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Given sodium hydrogen carbonate, $\ce{NaHCO3}$, as well as hydrochloric acid, $\ce{HCl}$, how would you experimentally determine the ionization constant for the carbonate ion, $\ce{HCO3-}$? By experimentally, I mean by actually doing the reaction and measuring the pH and such, and ignoring the already known theoretical values.

Here's what I've got so far.

The sodium hydrogen carbonate dissociates in water. $$\ce{NaHCO3->Na+_{(aq)} + HCO3-_{(aq)}}$$

Then, titrate the ion with the hydrochloric acid, a strong acid. $$\ce{HCO3-_{(aq)} + HCl_{(aq)} <=> H2O_{(l)} + H2CO3_{(aq)} + Cl-_{(aq)}}$$

It's at this point that I would measure the $\mathrm{pH}$ and determine the necessary concentrations, and then plug it into the formula

$$K_\mathrm{b} = \frac{\ce{[H2CO3]}}{\ce{[HCO3-][HCl]}}$$

But I'm wondering if I need to go further with the $\ce{H2CO3}$ since it would hydrolize in water: $$\ce{H2CO3_{(aq)} + H2O_{(l)} <=> H3O+_{(aq)} + HCO3-_{(aq)}}$$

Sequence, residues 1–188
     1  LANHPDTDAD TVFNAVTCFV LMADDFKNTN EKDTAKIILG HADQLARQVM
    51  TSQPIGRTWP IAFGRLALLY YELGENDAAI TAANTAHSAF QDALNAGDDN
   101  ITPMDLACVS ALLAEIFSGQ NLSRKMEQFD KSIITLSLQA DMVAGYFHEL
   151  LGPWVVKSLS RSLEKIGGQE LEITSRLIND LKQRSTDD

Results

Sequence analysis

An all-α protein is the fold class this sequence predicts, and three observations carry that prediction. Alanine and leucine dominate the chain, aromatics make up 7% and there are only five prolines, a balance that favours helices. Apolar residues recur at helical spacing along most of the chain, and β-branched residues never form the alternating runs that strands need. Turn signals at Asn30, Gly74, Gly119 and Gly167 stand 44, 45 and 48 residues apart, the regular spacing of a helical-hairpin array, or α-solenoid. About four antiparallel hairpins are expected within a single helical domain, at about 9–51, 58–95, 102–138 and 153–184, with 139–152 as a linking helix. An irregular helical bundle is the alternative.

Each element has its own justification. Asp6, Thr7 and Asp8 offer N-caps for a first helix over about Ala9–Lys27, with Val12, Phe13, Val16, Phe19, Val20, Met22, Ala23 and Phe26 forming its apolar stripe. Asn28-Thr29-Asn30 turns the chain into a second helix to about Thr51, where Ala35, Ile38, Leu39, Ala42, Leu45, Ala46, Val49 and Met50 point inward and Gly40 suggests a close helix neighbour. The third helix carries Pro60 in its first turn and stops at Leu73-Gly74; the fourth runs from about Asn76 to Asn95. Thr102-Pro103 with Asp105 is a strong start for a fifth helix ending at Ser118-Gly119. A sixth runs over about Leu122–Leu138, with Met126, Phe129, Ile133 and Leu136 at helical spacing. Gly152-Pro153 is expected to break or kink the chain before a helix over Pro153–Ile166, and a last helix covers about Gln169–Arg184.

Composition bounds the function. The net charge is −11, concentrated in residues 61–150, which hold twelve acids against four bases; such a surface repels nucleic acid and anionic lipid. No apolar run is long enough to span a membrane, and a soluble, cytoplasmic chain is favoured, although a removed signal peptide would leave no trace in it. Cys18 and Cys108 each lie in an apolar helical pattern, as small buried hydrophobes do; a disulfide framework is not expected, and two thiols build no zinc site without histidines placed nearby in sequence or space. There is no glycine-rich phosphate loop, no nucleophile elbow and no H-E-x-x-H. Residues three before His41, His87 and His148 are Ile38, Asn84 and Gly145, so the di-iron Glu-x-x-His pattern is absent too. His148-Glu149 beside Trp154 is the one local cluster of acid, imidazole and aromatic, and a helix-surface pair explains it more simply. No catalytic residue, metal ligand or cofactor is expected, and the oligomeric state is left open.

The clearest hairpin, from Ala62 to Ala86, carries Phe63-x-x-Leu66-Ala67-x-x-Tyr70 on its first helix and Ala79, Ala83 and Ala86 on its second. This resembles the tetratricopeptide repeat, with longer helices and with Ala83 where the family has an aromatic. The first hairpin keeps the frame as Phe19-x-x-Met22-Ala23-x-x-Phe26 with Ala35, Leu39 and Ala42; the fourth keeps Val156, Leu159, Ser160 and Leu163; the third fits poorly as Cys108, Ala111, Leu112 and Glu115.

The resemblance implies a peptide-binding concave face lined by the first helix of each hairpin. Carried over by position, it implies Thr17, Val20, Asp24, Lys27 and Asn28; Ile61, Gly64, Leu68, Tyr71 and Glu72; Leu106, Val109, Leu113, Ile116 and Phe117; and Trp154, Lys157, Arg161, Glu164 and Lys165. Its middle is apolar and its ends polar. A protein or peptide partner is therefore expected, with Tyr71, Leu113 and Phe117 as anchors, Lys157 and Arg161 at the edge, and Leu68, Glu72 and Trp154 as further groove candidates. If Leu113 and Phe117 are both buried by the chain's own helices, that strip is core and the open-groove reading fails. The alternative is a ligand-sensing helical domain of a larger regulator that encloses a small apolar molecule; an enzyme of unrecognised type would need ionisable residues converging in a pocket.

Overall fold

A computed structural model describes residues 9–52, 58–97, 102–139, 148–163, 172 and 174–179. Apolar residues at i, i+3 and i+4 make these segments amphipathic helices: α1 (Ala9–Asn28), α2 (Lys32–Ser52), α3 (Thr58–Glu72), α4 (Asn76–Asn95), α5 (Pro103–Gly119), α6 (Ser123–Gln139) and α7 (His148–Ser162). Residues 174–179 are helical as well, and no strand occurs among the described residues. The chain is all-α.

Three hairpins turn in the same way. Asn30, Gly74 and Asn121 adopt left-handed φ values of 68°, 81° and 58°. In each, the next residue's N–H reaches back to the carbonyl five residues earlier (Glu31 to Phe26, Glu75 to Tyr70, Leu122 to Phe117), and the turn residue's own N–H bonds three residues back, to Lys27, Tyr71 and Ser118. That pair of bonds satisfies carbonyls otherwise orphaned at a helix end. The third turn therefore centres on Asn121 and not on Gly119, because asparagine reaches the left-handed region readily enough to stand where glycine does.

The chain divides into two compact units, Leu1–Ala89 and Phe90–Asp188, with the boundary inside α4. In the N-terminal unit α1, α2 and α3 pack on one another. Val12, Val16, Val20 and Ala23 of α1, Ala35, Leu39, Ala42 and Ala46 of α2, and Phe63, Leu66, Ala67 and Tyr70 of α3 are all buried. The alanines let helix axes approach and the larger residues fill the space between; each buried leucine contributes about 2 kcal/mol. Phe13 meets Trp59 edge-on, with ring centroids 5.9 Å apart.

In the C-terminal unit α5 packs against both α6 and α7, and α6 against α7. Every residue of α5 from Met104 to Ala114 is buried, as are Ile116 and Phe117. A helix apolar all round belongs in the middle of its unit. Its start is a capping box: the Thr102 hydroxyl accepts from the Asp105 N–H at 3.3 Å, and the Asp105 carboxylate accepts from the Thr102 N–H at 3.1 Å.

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So far, so good. You'll have to graph the $\mathrm{pH}$ of your system with the volume of titrant you've used to construct what's called a titration curve.

When you do the titration curve for this experiment, depending on the relative strengths of the bases involved, you will see one or two points of inflection points that will signal that the equilibrium conditions have changed. This will tell you if you need to take into account the second ionization. If there is a second inflection point, that's the second ionization.

Without actually going ahead and looking at the $\mathrm{p}K_\mathrm{a}$ of $\ce{H2CO3}$, I think for most computations, it could be omitted, since it is a second ionization which has a much lower constant than the first. Not unless you're looking for zwitterionic states or something like that.

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